Online as well as in the real world, a discussion is only productive if participation is curated. A discussion can be represented as a tree — okay, an upside-down tree — in which the trunk represents the column of replies in which the author has participated and the branches maybe the line along which the author's contacts veer off.
But to adapt a criticism often applied to sloppy thought or argument: we can't see the wood for the tree, because of all the twigs and leaves that get in the way. The momentum of a conversation is killed by spam and smarm, the threads become unintelligible, as much as the shape of a tree is obscured by over-exuberant foliage.
To reveal the underlying discussion, Kinja filters comments in three ways:
1. Thinning. Kinja establishes a circle stretching two or more degrees from the original author, including those readers with whom the author has interacted on this topic, people they've responded or even contacts that they follow or popular Kinja users beyond that. Some popular discussions attract hundreds or thousands of participants. Limiting that to 10 people — a minyan of commenters — thins the tree to the point that its structure becomes visible.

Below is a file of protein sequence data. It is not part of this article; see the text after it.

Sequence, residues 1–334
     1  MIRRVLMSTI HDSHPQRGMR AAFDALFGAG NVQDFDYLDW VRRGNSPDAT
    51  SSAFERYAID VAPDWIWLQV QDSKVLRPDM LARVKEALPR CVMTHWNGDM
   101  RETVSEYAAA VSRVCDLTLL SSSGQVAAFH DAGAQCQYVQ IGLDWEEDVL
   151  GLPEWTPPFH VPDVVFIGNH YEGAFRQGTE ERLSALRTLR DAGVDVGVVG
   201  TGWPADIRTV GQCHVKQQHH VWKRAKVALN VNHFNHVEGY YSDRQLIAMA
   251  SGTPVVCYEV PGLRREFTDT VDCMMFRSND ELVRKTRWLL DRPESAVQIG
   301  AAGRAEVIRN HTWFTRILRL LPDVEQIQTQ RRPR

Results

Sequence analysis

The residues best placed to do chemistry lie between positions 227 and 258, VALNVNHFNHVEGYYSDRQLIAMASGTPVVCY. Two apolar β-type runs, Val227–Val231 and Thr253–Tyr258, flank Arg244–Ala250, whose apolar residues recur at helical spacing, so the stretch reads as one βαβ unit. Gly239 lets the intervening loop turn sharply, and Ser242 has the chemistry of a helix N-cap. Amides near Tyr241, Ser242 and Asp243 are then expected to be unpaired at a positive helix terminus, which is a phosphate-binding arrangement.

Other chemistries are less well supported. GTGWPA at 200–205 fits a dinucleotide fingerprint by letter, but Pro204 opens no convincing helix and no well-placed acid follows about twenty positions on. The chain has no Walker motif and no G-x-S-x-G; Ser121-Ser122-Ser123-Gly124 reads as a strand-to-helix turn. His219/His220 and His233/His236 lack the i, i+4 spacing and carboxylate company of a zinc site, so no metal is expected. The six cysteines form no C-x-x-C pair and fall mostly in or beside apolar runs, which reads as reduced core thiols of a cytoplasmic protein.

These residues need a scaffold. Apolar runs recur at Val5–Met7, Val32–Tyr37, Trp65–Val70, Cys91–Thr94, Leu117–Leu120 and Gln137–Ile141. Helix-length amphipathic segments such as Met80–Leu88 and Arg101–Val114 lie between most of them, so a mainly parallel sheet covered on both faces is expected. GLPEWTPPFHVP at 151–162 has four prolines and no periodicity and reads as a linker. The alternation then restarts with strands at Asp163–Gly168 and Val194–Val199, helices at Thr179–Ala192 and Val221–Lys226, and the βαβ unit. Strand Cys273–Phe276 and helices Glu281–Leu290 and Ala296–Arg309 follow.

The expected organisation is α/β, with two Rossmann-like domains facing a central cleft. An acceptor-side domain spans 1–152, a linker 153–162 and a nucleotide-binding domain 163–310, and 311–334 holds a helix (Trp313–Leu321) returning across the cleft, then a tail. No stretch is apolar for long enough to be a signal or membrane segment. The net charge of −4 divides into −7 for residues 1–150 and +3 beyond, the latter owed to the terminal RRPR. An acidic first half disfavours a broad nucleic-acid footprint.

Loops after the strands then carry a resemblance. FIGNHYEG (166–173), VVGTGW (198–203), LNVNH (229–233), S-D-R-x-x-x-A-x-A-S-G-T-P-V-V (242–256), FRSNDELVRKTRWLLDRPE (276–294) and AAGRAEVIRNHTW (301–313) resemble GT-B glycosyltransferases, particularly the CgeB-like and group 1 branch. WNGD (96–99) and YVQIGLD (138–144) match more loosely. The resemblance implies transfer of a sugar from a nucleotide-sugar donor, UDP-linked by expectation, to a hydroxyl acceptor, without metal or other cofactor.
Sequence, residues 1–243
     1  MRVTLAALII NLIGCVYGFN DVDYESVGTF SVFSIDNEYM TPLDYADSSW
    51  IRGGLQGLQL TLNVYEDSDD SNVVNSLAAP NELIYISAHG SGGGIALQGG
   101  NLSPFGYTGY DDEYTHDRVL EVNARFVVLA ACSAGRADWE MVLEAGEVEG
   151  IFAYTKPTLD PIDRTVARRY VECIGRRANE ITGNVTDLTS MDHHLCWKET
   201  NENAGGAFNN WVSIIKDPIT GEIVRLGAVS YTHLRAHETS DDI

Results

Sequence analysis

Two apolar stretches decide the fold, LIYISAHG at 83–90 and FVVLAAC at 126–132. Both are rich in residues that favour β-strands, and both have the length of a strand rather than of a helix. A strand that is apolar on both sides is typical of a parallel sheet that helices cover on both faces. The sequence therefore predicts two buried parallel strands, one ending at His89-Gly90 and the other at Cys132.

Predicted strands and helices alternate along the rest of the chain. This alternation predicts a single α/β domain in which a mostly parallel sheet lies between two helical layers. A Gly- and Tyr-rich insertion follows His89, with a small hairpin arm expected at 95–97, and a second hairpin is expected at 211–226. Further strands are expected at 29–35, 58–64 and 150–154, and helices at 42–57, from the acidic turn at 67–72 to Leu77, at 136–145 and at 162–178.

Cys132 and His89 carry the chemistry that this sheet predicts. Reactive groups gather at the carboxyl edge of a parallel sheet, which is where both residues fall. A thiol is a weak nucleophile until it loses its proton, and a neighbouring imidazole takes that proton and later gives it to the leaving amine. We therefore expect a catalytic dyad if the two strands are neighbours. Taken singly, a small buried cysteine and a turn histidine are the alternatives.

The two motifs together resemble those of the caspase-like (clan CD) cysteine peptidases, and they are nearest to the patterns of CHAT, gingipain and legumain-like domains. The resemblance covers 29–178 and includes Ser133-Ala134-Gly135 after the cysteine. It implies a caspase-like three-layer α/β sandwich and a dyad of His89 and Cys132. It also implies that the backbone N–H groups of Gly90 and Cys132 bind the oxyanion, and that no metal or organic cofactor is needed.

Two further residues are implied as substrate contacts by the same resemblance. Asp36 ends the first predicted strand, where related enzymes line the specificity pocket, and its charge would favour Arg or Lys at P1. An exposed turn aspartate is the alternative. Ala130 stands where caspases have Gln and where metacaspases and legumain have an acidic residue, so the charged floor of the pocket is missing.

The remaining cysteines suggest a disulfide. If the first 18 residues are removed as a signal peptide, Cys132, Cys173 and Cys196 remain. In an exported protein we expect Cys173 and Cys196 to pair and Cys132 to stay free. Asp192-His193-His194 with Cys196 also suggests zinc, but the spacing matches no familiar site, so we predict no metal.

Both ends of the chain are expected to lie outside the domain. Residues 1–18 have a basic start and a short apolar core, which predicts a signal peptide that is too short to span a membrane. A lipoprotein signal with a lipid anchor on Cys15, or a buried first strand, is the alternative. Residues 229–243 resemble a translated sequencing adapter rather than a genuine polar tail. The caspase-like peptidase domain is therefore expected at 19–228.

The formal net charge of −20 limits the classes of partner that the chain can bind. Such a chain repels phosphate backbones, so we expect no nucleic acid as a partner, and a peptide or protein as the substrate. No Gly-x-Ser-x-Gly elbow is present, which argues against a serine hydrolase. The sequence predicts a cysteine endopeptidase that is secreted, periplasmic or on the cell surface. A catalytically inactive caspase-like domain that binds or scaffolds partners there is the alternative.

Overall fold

2. Pruning. The starter post and the main trunk of discussion will always be displayed, no matter how long ago they were published. They provide an introduction essential to the understanding of the live conversation. But we will prioritize the display of more recent responses; and collapse those that have not elicited replies. That further reduces the complexity of tree.
3. Pivoting. In order fully to visualize a tree or any other structure, you need to examine it from different points of view. The author's perspective is not the only one. If a reader doesn't relate to the circle chosen by the author, they can pivot to another. And if the author is absent, others can move the discussion forward.